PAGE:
This page was last updated: 21st April 2020
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Children and young people are normally seen by lots of different adults every day, but due to coronavirus we're self-isolating, social distancing and spending much more time at home. Isolation can put some children at a greater risk of domestic abuseneglectphysical abuseemotional abuse and sexual abuse. It's everyone's responsibility to keep children safe, spot the signs of abuse and report concerns. We all need to play our part by checking in with families and reaching out for support and advice if we have any concerns, Click on the logo for some information from the NSPCC that explains how to spot the signs of abuse and neglect while social distancing measures are in place and what you should do if you are concerned about a child.

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The Department for Education has a helpline for early years providers, schools and colleges – as well as parents, carers and young people – who have questions about education and children's social care, and COVID-19. The freephone number from landlines and mobiles is 0800 0468 687 8am-6pm weekdays and 10am-4pm weekends. Email: DfE.coronavirushelpline@education.gov.uk

Full Fact is a team of independent fact checkers and campaigners who find, expose and counter the harm it does. They regularly add new information about facts they have checked about the coronavirus.

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The government's home page for everything about COVID-19 and their response to it. There are links for education settings; health professionals and other organisations; employers and businesses; and residential, supported living and home care workers. There is also NHS information for individuals; travel information; immigration advice; information about self-isolating; and statistical information on the number of cases in the UK and risk level.

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This information from Great Ormond Street Hospital (GOSH) sets out information and advice useful for all families in addition to information about the action they are taking to respond to the coronavirus outbreak specific to GOSH patients. You can find guidance for specific patient groups here.

A concise guide to COVID-19, its symptoms, and what to do if you think you or a member of your family has the virus. You should NOT ring 111, unless you or your child has a weakened immune system (eg currently undergoing chemotherapy, had an organ transplant, had your spleen removed or are HIV+) or the child you are concerned about is under five years old. . Under no circumstance or go to a pharmacy, GP surgery or hospital if you have symptoms without having been told to do so by a clinician or 111. If you or your child has breathing difficulties that are so severe you or they cannot get more than a few words out, or are panting and it's getting worse, dial 999 and tell the operator of the risk of coronavirus.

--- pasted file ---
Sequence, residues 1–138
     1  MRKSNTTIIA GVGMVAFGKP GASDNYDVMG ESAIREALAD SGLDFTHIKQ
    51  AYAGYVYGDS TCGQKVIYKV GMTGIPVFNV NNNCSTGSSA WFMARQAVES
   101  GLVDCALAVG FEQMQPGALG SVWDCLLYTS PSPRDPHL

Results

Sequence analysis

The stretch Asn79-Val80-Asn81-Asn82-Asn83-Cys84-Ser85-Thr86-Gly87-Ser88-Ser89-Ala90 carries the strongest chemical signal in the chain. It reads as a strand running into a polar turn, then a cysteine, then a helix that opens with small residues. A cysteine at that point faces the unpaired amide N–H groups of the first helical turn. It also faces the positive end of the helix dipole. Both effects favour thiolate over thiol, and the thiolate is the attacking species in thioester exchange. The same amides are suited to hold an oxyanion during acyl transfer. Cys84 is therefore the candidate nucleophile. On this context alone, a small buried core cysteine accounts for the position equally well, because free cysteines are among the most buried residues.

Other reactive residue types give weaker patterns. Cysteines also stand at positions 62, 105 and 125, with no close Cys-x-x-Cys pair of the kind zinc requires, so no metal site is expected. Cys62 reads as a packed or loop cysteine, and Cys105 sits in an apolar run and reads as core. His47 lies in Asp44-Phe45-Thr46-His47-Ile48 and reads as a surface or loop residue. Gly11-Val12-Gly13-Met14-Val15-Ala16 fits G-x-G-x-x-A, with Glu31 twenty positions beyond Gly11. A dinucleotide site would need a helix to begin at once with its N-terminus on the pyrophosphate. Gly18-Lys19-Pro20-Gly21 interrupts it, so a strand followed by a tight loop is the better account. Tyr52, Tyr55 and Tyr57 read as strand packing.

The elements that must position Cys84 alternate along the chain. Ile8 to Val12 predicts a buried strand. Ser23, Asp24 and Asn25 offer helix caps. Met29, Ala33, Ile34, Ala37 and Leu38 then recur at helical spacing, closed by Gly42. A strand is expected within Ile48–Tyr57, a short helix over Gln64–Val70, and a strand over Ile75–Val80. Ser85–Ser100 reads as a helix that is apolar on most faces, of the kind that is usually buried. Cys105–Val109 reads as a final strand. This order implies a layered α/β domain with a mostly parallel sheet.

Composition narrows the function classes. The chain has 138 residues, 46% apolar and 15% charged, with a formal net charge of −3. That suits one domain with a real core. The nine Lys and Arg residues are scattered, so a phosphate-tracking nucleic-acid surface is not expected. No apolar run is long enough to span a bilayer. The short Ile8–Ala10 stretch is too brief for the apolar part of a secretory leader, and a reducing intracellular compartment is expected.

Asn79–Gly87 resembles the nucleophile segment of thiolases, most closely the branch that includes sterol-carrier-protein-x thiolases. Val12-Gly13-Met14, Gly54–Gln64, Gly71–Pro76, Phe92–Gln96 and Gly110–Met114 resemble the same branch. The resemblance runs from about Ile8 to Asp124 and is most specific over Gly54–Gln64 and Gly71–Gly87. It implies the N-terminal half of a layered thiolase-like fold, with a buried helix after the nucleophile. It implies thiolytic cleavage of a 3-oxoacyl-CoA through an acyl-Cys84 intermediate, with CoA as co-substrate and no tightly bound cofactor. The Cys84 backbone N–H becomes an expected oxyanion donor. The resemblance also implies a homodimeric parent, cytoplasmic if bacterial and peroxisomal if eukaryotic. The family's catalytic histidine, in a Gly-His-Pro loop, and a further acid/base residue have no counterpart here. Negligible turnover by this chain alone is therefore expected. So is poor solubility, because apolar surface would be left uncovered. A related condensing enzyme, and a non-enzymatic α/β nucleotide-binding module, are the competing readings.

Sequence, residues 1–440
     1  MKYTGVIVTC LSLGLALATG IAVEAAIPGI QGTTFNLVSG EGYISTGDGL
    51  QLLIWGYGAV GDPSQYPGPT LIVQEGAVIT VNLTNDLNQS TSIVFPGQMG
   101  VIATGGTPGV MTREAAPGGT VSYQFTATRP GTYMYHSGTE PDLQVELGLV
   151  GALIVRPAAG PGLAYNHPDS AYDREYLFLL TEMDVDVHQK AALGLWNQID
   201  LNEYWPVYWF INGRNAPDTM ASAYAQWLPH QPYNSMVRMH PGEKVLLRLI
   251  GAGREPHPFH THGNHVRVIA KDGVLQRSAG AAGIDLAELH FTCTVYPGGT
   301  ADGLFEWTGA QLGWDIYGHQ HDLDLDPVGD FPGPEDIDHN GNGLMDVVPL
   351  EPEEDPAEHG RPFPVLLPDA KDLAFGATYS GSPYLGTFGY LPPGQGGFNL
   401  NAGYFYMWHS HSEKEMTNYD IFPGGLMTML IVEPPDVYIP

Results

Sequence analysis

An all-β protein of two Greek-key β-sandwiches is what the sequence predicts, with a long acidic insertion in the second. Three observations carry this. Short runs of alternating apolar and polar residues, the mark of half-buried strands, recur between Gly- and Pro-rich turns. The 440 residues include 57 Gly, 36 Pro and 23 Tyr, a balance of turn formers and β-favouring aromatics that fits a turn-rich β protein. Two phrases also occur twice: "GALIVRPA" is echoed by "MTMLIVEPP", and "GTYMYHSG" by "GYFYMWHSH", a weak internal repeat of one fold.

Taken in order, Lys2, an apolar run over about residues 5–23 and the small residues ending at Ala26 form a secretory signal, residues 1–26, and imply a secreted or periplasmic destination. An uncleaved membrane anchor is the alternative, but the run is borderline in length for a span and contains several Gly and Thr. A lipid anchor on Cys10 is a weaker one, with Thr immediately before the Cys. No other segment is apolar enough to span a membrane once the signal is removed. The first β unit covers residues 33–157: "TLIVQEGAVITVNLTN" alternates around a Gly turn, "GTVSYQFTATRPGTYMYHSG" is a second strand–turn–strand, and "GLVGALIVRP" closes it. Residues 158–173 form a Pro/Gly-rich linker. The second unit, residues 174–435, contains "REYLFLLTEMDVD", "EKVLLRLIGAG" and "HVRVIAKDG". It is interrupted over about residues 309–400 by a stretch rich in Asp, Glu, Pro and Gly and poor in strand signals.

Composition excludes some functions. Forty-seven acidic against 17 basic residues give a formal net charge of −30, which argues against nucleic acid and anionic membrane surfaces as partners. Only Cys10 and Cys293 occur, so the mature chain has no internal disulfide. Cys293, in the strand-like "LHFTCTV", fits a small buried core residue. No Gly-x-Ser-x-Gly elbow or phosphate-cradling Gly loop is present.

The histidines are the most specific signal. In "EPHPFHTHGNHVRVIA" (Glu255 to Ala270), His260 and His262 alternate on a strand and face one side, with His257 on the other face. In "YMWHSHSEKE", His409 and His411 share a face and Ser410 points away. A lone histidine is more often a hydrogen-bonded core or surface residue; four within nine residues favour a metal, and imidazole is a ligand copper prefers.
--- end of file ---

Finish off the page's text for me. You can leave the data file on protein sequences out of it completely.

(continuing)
Patient is a leading publisher of online health content and provider of the UK’s biggest patient online services platform, helping the world proactively manage its healthcare, supplying evidence-based information on a wide range of medical and health topics to patients and health professionals. They have a regularly updated coronavirus page with information you can trust.

The World Health Organisation (WHO) direct and coordinate international health within the United Nations system. One of their main areas of work is communicable diseases such as COVID-19. One of their most useful website pages for the general public is myth busters about COVID-19. (see button above).

Coping strategies for everyone

Action for Happiness is a movement of people committed to building a happier and more caring society. based in the UK. Their website includes information on how to keep mentally healthy during the uncertain times of the coronavirus and how to respond constructively to coronavirus.

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We don't know whether the coronavirus situation will impact on children and young people's mental health, but we think that it may. We want to do all we can to prevent this from happening, or to minimise it. The Anna Freud Centre gives clear, simple advice to all those who are supporting children and young people - including to young people themselves.There is much that each one of us can do to support the wellbeing of those in our lives, including children and young people who may already be vulnerable or suffering from mental health difficulties.

The constant new barrage of developments regarding the current outbreak of coronavirus can cause particular challenges for adults and children who have pre-existing anxiety disorders. Anxiety UK give advice on how to manage the increased anxiety created by coronavirus, including the APPLE technique (Acknowledge, Pause, Pull back, Let go, Explore). They have since added a second page with further suggestions for coping.

Advice about coping with coronavirus if you or your child is asthmatic. There is also advice on shielding (staying at home at all times and avoiding any face-to-face contact with others for at least 12 weeks) if any member of your family suffers from severe asthma and in the high risk group.

Members of the British Association of Counselling and Psychology share their tips and strategies to help you cope with the mental health impacts of the current global situation. There are links throughout to further information.